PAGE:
Smith and Holland considered without much excitement the two ideas the BBC already had, with initial scripts commissioned: the mobile homes soap and another set in a shopping arcade. It was not until 1984 that a new head of serials, Jonathan Powell, suggested a soap about "London today". Smith and Holland, according to their record, responded with talk of a "Victorian Square" and "the East End where that bend in the river occurs". BBC management, paralysed by the model of Coronation Street, had assumed a northern setting and insisted on market research - at that time the new shibboleth of an uncertain BBC - on the plausibility of a southern one. The focus groups showed no specific resistance to London fiction, so the project went ahead.
On 1 February 1984, Smith and Holland wrote a memo for Powell, which explained: "The bi-weekly is an on-going serial about the life of a community in the East End of London. Being part of British history, the `East-End' location is instantly recognisable, and populated by a healthy mix of multi-racial, larger-than-life characters."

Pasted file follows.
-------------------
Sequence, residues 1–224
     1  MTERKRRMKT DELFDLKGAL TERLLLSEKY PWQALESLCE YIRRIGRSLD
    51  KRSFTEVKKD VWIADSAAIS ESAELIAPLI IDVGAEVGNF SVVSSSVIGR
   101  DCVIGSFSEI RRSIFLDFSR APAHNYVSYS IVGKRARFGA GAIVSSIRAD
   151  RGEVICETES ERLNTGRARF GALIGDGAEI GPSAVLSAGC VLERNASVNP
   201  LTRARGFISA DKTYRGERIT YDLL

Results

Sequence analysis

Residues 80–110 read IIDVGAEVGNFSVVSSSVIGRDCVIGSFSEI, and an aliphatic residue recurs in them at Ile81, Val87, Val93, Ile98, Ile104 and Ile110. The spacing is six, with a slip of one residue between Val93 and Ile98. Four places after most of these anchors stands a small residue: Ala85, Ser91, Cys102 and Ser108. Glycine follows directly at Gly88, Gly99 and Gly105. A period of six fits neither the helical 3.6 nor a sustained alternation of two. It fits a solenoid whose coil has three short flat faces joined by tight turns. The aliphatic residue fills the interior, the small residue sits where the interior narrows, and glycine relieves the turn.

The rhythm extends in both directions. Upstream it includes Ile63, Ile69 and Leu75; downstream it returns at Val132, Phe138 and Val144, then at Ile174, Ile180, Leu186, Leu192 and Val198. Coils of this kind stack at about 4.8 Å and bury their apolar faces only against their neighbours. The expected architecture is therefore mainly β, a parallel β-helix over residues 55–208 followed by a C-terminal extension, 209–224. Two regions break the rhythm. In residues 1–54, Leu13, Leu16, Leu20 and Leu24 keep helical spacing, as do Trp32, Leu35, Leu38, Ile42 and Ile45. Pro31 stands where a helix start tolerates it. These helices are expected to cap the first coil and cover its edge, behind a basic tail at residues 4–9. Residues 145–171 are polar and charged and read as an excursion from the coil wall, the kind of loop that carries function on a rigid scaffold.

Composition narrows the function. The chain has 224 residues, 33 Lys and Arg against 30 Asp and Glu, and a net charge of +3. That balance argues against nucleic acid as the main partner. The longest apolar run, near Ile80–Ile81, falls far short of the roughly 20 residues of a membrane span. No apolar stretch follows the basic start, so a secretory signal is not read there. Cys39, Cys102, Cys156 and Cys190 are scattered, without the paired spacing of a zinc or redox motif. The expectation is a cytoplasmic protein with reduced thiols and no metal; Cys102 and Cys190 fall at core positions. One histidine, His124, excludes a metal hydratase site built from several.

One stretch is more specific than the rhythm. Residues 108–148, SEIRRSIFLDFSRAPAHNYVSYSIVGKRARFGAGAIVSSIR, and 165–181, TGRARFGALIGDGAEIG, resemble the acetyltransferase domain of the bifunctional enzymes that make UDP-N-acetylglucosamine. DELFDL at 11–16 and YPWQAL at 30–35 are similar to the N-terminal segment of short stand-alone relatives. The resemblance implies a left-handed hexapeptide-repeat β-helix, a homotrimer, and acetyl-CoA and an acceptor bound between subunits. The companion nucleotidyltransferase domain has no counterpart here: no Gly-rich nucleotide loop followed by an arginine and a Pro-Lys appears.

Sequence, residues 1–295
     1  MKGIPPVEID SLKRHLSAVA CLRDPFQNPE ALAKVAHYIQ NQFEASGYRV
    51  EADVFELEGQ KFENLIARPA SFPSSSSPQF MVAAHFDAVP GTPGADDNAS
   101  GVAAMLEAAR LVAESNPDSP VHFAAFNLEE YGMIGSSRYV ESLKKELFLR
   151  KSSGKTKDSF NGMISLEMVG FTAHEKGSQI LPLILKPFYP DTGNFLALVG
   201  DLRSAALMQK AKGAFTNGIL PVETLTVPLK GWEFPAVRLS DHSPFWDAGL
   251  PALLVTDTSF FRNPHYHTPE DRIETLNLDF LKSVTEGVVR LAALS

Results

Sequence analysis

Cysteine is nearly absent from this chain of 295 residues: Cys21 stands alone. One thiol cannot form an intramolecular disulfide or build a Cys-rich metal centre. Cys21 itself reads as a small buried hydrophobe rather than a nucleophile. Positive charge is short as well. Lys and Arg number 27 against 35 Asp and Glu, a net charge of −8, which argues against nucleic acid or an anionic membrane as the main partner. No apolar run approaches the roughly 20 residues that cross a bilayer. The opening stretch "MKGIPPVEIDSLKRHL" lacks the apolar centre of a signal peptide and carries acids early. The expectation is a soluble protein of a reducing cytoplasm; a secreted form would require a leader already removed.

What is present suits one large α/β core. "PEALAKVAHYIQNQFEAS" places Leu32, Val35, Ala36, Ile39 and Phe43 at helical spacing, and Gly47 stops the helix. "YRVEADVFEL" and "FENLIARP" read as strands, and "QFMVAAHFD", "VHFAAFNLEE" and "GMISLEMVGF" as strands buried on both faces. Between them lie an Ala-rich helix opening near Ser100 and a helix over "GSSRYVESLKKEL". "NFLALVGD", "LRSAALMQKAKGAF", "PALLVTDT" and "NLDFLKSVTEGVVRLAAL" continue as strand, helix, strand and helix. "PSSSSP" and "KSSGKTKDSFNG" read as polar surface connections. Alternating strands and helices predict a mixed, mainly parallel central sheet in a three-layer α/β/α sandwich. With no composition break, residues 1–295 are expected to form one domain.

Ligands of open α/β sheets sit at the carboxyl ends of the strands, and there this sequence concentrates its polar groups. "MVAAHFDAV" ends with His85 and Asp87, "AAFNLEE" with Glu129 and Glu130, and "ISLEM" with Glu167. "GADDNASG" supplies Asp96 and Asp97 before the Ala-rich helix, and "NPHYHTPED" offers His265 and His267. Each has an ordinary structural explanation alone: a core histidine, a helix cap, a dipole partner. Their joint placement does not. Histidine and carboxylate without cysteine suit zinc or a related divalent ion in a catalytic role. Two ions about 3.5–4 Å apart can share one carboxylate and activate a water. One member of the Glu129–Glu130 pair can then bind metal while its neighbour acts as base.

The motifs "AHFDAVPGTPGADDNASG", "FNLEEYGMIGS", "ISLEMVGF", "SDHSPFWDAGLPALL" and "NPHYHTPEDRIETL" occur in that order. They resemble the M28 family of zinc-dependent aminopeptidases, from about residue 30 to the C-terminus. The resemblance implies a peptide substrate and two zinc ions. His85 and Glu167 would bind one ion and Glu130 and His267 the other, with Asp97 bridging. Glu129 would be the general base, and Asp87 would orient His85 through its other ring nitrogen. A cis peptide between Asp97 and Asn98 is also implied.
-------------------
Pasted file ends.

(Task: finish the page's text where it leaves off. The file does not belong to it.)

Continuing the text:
There were many slips - of title, character and casting - between memo and hit, but within eight months (or 67 episodes) of its February 1985 launch EastEnders reached number one in the ratings. In 1986 and 1987, the show won several awards. On Christmas Day 1986, 30.15 million viewers, one of the highest audiences in history, watched Angie walk out on Den and the depressed, unemployed Arthur Fowler tear his festive home apart. The BBC's great gamble was, as they say in Albert Square, "sorted". Since then, the series has scarcely left the top five of the television ratings.
Why did EastEnders work? The answer is a combination of artistic and practical reasons: content and context. Artistically, successful British soap operas have been set in working-class communities. (The disastrous Triangle and Eldorado were both more middle class.) The most memorable characters have generally been female: Sheila Grant in Brookside; Meg Richardson in Crossroads; Elsie Tanner and Ena Sharples in Coronation Street. EastEnders, located in London's most famous working-class territory, has been built around the stories of Angie and Sharon Watts, Pauline and Michelle Fowler, and Kathy Beale.